Universal Orlando Uses Guests As Pawns in Hagrid’s Opening PR Stunt

It was hard to avoid the hype train when Hagrid’s Magical Creatures Motorbike Adventure opened recently. From social media to local news, you kept hearing the same thing over and over: 10 hour wait times! Were you one of the guests who waited 10 hours (or more) in the Florida heat on June 13? I’ve got some sad news for you: Universal did it at your expense. And they didn’t have to.

Before we continue, I need to make something clear. This article has nothing to do with anyone’s opinion about the ride itself. Maybe you thought Hagrid’s is the best ride you’ve ever been on. Perhaps you thought that waiting over 10 hours in the Florida heat was worth it. What if I told you that you didn’t have to and still could have had the chance to ride it?

Photo @Alicia Stella on Twitter

First of all, let’s not mince words, Universal Orlando wanted Hagrid’s Magical Creatures Motorbike Adventure to have an obscenely long line. Why, you may ask? Hype. You couldn’t escape the stories about how long the queue was yesterday. You may have had a hard time figuring out if guests enjoyed the attraction, but one thing is for sure: people waited a long time for it.

Thus, it makes for a splashy headline. It creates FOMO (fear of missing out) and in today’s society, that is a huge business driver. Were you sitting at home yesterday thinking, “Wow, if people are willing to wait that over 10 hours, then certainly I could wait an hour or two once the hype dies down! It must be crazy good! I can’t believe I didn’t buy tickets to Universal Orlando Resort sooner!”

Just calm down. Universal Orlando will indeed take your hard earned cash. They also have no problem making you wait for over 10 hours to ride an attraction when they didn’t have to. By the way, yes I know that they handed out free bottles of water. Also, I’m aware that they even added a DJ to spin some tunes (which had nothing to do with the area it was in, but that’s a different article entirely). Thus, they really do care about their guests, right?

Not exactly. There are a few things Universal could have done to bring that wait time down to more reasonable levels. For starters, they could have opened the park at 6 a.m. (or even earlier). This would allow a few extra people the opportunity to ride before 9 a.m. and avoid the long lines. Keep in mind: they didn’t want to avoid it, they wanted those obscene wait times.

Also, the coaster can run a maximum of 12 trains at once. You read that correctly: 12! On opening day? I don’t think they even had six running. Why? You have to keep those wait times long to keep people talking. Also, I am not sure if they were technically ready to run that many trains yet. Either way, opening the park early would have made that line significantly shorter.

Even more infuriating? They had a system in place weeks ago that would have people purposefully not wait in a literal queue. Starting June 14, Universal Orlando publicly stated that they could use their Virtual Line (via their official app) for guests to return to the attraction. Which begs the question, why didn’t they use it on June 13? When the attraction officially opened? Because they wanted guests to wait over 10 hours in the heat in the middle of June. Shameful.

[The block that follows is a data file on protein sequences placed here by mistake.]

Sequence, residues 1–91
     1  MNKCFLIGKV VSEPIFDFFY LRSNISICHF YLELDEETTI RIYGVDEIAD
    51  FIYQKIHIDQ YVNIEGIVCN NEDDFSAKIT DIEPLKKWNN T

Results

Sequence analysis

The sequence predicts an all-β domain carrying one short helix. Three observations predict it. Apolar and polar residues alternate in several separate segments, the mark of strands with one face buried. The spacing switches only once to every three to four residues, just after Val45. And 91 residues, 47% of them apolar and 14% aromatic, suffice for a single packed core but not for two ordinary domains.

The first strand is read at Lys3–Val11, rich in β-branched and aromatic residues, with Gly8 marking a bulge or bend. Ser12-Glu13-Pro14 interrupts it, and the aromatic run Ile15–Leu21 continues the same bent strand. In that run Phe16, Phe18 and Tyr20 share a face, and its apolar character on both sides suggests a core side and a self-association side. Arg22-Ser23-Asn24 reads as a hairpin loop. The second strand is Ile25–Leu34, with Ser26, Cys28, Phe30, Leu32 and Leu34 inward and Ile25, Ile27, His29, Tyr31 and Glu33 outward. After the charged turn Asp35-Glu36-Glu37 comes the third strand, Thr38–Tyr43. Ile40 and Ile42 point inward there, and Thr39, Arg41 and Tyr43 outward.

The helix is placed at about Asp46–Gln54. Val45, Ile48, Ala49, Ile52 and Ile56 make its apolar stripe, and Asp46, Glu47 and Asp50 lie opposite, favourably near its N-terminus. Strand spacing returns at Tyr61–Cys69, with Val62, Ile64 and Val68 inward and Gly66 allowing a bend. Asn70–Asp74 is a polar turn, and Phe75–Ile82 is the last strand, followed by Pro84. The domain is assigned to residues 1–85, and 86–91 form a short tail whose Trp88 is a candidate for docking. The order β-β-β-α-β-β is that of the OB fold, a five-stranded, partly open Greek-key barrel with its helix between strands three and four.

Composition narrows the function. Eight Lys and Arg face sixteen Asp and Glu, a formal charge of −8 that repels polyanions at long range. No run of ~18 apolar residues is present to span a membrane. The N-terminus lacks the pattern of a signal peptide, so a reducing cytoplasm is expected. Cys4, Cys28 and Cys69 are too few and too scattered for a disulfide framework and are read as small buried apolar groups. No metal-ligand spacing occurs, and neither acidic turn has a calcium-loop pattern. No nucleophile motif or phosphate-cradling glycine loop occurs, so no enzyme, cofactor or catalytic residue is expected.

Here’s some icing on the cake. Now that we have established that Universal Orlando was using guests as pawns in their FOMO marketing plan, take a look at the image above. I got reports saying that members of the Universal Guest Services Team started entering Hagrid’s queue around 9:30 p.m.

They started apologizing to people in line saying that even though they had waited (for literally hours), that once the clock struck 10 p.m., they wouldn’t be allowed to ride. The park would be closed and thus, so would the ride. Tired and angry guests were then handed business cards with an e-mail address as to where they could voice their concerns and some even left the queue as a result. No idea what happened with those guests in terms of compensation, but if you were one of those guests affected? I’d love to hear your story.

Now you can claim that no one forced anyone to wait in a ridiculously long line. Absolutely true. However, I have given examples that, without question, Universal Orlando could have made the line shorter and made the experience of waiting more comfortable by utilizing their Virtual Line system on day one and not day two.

Let’s take it one step further. Imagine for a moment that they did use Virtual Line on day one. This means, only the physical queue for Hagrid’s would have been filled (perhaps a little more) and once it was your time to enter the queue, you could do so. Meanwhile, you get to spend the rest of the time in the park.

Meaning, guests would have spent more money. Maybe they would have sat down and relaxed at a full-service restaurant. Grab drinks at the bar. Actually (and this sounds like a crazy idea) enjoy their day a little more. Universal also knew the potential of making more money but chose to go the 10-hour queue route instead. Why? Because those FOMO headlines sure do work.

At the end of the day, handling this situation the way Universal Orlando did on June 13, 2019, was cruel and possibly even inhumane. There are better ways to do business than use guests as your pawns to make headlines. And if executives at Universal Orlando are reading this right now (and I know you are) I encourage you to rethink how you handle these situations in the future. Surely, you wouldn’t encourage your own families to wait that long in the Florida heat if you had the resources to do better, now would you?

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